There was an extremely interesting and pretty extensive two-page interview with Adam Pearson last week in League Weekly and the owner of the Club of the Year was featured all over the front page, to trail an article that gave full reign to our supremo to vent his opinions on everything about the game in general and Hull FC in particular. He certainly gave a run down on the current position of the Club and what we have been up to over the last few weeks. The prominent fact was that we had now completed our recruitment for 2017 and that the Club were happy with the squad they had put together. It was a step back from what Adam had said at the end of the last campaign when he indicated that two more players were to come in, but with Kelly signed and training hard it seems that whoever the other target was has fallen through and so we stick with what we’ve got.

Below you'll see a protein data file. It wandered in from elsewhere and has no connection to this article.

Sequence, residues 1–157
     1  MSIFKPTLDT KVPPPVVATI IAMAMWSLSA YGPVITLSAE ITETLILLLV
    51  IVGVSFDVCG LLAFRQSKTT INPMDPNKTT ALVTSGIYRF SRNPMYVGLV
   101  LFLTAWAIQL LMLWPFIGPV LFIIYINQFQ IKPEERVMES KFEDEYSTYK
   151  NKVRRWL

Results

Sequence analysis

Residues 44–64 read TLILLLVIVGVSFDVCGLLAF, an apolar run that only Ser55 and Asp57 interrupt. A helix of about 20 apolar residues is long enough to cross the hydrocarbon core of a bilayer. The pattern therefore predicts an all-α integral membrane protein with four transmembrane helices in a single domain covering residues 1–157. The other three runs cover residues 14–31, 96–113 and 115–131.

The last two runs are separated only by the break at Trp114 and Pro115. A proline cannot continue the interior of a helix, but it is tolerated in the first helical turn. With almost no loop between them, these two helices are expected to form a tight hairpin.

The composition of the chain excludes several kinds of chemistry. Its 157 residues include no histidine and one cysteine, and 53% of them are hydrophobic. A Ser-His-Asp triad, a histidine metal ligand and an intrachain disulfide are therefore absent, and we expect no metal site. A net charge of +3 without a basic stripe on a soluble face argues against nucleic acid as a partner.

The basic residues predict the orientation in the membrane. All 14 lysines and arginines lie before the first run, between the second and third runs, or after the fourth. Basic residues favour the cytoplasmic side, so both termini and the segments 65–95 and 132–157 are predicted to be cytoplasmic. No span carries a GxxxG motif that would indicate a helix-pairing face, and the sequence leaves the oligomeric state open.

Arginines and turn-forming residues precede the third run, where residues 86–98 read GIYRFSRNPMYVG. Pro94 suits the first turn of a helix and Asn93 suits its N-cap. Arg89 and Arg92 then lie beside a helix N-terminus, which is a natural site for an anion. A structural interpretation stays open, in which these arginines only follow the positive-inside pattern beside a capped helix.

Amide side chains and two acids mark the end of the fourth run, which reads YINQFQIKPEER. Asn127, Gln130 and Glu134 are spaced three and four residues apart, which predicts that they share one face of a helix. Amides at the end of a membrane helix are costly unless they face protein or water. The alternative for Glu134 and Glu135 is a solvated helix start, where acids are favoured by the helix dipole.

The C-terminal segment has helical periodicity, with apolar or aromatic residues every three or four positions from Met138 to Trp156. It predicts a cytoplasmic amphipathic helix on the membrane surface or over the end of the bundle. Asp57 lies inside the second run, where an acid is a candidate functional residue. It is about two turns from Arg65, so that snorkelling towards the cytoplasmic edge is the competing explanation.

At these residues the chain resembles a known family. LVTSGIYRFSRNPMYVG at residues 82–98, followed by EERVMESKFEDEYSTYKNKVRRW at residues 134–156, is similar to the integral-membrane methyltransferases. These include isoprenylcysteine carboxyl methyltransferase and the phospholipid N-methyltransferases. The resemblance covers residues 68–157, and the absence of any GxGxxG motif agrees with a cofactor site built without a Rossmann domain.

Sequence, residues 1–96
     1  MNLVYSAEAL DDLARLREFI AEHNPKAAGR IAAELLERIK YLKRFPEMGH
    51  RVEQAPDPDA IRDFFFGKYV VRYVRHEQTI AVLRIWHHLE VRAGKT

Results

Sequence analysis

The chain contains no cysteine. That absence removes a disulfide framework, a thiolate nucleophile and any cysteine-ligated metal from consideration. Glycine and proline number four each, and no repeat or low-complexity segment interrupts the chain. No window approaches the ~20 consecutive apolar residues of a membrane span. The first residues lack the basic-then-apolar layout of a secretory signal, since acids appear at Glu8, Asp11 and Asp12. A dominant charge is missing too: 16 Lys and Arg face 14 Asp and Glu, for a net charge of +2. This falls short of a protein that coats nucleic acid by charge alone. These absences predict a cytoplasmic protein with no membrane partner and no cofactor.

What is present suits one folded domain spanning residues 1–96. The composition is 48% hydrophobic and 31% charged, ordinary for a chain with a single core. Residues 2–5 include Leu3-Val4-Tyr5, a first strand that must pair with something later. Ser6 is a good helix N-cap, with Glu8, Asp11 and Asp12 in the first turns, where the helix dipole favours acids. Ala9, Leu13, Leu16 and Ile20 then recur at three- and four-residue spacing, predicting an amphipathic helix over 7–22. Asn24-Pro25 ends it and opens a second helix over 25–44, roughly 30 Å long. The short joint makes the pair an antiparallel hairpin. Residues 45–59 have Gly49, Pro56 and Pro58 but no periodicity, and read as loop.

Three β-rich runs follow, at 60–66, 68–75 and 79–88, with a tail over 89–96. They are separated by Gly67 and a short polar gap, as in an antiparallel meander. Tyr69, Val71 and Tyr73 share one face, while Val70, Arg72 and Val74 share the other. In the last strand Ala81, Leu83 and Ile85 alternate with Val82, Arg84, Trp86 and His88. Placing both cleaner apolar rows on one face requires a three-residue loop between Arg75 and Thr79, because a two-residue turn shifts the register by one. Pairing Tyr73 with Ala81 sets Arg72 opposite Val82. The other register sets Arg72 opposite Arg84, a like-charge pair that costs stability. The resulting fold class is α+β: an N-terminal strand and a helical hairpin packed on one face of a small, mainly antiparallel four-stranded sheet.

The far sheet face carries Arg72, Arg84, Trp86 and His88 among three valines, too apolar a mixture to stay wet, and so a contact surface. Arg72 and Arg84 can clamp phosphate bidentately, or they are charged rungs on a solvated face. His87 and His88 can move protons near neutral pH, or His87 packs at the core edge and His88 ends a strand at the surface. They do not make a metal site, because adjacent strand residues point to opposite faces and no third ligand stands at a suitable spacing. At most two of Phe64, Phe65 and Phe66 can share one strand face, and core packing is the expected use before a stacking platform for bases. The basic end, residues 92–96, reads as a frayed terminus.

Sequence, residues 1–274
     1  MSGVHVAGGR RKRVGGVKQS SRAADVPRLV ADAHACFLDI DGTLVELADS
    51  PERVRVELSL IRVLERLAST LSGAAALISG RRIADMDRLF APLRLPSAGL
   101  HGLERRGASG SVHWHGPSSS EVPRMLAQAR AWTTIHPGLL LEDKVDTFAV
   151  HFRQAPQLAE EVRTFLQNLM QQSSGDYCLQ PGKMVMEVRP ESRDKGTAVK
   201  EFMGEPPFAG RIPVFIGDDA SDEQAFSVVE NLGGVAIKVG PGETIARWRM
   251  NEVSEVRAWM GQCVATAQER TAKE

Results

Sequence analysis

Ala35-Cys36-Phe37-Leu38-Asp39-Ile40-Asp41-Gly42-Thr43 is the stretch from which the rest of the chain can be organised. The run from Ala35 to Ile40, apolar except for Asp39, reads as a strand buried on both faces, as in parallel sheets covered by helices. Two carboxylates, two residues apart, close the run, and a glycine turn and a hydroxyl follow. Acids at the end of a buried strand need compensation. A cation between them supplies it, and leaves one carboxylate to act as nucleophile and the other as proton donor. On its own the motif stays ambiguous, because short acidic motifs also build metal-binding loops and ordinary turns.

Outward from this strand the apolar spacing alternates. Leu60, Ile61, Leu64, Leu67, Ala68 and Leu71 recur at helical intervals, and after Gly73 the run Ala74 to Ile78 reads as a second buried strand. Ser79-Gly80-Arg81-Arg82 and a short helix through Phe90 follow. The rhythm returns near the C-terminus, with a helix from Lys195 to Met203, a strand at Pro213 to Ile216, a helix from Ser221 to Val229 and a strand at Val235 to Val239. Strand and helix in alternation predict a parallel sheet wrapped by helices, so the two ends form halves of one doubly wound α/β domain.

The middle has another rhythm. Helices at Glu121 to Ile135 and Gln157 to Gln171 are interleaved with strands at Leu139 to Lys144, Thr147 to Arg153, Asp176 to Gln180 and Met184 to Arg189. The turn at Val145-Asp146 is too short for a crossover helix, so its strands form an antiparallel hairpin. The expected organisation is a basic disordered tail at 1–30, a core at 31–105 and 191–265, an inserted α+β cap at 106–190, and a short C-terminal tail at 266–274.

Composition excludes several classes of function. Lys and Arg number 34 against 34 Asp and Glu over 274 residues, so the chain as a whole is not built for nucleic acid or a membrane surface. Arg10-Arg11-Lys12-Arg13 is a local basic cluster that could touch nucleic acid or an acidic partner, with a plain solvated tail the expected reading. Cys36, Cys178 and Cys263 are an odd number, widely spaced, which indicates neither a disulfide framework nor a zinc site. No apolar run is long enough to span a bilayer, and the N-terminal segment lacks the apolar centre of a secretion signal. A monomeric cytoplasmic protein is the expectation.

That’s pretty fair really and we have tried I think to cover all our bases. However many second string players you have, any club in the game would struggle if they experienced a glut of injuries in the spine of their team as both Saints and Castleford did last year, but with a fair wind on that front our squad looks packed with depth. Well, it does with the exception of some cover for Danny Houghton at 9 but I’ve banged on long enough in here on that one, so I’ll move on.